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The Collaborative International Dictionary

Umlaut \Um"laut\, n. [G., from um about + laut sound.] (Philol.) The euphonic modification of a root vowel sound by the influence of a, u, or especially i, in the syllable which formerly followed.

Note: It is peculiar to the Teutonic languages, and was common in Anglo-Saxon. In German the umlauted vowels resulting from a, o, u, followed by old i, are written ["a], ["o], ["u], or ae, oe, ue; as, m["a]nner or maenner, men, from mann, man. Examples of forms resulting from umlaut in English are geese pl. of goose, men pl. of man, etc.

Douglas Harper's Etymology Dictionary

1852, from German umlaut "change of sound," from um "about" (see ambi-) + laut "sound," from Old High German hlut (see listen). Coined 1774 by poet Friedrich Gottlieb Klopstock (1724-1803) but first used in its current sense "modification of vowels" 1819 by linguist Jakob Grimm (1785-1863).


n. 1 (context linguistics English) An assimilatory process whereby a vowel is pronounced more like a following vocoid that is separated by one or more consonants. 2 (context linguistics English) The umlaut process (as above) that occurred historically in Germanic languages whereby back vowels became front vowels when followed by syllable containing a front vocoid (e.g. Germanic ''lūsiz'' > Old English ''lȳs(i)'' > Modern English lice). 3 (context linguistics English) A vowel so assimilated. 4 (context orthography English) The diacritical mark ( ¨ ) placed over a vowel, usually when it indicates such assimilation. vb. 1 (context transitive English) To place an umlaut over (a vowel). 2 (context linguistics transitive English) To modify (a word) so that an umlaut is required in it.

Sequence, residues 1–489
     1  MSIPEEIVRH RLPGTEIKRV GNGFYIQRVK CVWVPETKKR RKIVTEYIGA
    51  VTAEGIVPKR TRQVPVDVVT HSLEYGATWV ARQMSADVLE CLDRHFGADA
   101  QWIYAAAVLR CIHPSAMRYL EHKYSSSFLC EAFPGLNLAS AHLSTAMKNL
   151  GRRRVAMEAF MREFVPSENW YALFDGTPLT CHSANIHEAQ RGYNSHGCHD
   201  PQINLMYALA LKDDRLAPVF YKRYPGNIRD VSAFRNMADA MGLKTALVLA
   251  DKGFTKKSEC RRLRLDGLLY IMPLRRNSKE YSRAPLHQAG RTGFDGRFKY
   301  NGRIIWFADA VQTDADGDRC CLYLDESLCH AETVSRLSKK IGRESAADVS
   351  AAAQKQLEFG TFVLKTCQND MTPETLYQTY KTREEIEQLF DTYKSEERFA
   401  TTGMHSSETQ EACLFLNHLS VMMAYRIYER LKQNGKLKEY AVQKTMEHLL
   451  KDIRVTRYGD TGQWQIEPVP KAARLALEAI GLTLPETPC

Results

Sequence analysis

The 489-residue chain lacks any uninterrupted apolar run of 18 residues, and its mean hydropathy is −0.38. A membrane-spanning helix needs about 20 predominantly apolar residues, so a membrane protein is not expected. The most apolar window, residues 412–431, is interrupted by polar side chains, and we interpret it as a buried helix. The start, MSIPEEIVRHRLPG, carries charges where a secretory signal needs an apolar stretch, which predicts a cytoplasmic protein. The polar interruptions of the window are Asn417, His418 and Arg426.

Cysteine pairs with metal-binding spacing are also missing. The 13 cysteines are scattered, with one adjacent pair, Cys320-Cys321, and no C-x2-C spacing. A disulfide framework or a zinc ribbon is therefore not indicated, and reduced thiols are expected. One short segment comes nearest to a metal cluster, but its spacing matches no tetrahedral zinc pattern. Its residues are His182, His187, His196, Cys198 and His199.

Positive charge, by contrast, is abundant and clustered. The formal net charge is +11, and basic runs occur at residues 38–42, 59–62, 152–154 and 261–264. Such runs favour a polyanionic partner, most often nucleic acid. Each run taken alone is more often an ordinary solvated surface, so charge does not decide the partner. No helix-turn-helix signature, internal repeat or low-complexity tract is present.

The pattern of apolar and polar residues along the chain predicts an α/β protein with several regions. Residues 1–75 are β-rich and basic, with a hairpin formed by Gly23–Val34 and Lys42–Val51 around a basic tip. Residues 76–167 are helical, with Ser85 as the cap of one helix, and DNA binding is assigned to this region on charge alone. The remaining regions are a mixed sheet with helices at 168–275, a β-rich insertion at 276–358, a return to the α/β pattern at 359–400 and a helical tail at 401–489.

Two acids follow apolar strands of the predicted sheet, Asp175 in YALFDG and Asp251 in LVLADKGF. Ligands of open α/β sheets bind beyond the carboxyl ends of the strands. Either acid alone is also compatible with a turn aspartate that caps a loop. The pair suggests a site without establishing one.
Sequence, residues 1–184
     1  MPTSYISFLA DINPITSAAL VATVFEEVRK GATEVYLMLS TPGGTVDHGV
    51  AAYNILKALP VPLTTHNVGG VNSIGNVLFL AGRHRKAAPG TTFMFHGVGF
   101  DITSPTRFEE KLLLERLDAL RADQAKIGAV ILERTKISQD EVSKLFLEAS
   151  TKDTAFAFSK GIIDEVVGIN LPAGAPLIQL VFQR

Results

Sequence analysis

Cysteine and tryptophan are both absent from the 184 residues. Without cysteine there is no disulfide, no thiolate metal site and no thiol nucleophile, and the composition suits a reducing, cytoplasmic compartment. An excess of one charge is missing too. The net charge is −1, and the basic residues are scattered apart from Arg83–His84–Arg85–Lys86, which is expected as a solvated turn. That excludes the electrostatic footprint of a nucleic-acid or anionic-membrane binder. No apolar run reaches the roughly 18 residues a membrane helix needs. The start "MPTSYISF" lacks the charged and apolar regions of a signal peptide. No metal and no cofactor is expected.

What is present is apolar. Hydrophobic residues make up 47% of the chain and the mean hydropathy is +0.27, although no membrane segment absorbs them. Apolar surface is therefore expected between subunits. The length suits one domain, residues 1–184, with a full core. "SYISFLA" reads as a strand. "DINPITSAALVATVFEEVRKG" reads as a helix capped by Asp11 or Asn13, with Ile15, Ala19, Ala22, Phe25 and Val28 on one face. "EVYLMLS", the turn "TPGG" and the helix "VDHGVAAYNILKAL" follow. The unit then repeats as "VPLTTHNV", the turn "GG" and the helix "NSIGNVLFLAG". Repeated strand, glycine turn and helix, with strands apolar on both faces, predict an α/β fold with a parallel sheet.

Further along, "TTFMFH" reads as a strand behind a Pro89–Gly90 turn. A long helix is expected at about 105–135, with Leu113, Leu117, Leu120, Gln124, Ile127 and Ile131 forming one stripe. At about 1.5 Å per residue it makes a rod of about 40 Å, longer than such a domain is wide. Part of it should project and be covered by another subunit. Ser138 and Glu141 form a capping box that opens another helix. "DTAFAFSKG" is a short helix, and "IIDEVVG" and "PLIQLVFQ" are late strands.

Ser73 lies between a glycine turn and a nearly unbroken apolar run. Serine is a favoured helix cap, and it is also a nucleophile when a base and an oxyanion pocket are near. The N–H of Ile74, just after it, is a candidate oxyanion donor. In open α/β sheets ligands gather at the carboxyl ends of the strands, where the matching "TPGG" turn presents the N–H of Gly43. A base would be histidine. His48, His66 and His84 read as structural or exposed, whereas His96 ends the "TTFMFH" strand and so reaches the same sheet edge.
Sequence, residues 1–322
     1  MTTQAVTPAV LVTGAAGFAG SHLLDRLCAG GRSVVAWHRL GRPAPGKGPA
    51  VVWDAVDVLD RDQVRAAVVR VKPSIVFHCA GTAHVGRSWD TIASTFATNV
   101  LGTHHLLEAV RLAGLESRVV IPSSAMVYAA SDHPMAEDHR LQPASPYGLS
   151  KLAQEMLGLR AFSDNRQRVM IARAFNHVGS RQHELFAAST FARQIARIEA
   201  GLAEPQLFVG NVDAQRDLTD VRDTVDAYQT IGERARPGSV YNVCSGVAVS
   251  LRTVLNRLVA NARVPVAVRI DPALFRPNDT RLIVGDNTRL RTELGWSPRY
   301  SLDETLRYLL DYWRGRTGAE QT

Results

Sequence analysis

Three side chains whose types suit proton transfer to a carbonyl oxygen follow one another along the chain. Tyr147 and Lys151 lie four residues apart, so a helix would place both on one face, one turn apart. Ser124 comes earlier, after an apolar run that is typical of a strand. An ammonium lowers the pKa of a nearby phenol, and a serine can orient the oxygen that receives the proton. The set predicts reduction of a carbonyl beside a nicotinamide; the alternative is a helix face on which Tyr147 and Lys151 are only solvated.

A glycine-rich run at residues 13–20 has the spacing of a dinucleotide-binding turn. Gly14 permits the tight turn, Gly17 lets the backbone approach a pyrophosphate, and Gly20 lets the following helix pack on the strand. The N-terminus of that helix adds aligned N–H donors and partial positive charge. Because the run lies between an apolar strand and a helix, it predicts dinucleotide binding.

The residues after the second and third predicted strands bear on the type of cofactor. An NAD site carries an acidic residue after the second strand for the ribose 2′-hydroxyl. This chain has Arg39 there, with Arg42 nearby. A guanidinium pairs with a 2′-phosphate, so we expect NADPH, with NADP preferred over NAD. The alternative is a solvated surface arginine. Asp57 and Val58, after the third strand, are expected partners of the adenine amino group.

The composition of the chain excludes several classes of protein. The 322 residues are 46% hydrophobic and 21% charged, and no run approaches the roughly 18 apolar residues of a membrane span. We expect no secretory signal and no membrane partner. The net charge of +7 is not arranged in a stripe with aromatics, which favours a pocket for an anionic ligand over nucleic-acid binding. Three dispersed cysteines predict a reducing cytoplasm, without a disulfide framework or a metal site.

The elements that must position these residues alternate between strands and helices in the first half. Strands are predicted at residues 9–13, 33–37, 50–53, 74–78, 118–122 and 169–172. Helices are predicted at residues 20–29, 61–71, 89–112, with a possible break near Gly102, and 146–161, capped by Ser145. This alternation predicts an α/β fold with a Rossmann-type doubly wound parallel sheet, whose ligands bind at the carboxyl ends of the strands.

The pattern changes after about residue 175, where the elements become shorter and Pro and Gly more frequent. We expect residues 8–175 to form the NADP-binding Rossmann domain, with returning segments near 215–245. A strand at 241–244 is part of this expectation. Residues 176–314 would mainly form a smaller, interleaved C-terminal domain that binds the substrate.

n. a diacritical mark (two dots) placed over a vowel in German to indicate a change in sound [syn: dieresis, diaeresis]


Umlaut may refer to:

  • Umlaut (linguistics), a sound change where a vowel was modified to conform more closely to the vowel in the next syllable; in particular:
    • I-mutation, a specific type of umlaut triggered by a following high front vowel; in particular:
      • Germanic umlaut, a prominent instance of i-mutation in the history of the Germanic languages
        • Umlaut vowel, any front rounded vowel (because such vowels appeared in the Germanic languages as a result of Germanic umlaut)
  • Umlaut (diacritic), a pair of dots (¨) above a vowel, used in various languages; originally used to indicate vowels resulting from Germanic umlaut
    • Metal umlaut, the same diacritic used in names of heavy metal or hard rock bands for visual rather than phonetic effect
  • Lars Umlaut, a character playable in the Guitar Hero series of music video games
  • Umläut (born 1968), Clinton McKinnon's experimental Australian rock band
  • Umlaut (software), an open source link resolver front-end for libraries
  • Ümlaut (band), a band on CrimethInc
Umlaut (linguistics)

In linguistics, umlaut (from German "sound alteration") is a sound change in which a vowel is pronounced more like a following vowel or semivowel. The term umlaut was originally coined in connection with the study of the Germanic languages in which the process occurred prominently in the history of many of them (see Germanic umlaut). While the common English plural is umlauts, the correct German plural is Umlaute.

Umlaut is a form of assimilation, the process by which one speech sound is altered to make it more like another adjacent sound. If a word has two vowels, one far back in the mouth and the other far forward, more effort is required to pronounce the word than if the vowels were closer together. Thus, one possible linguistic development is for these two vowels to be drawn closer together.

In the general sense, umlaut is essentially the same as regressive metaphony.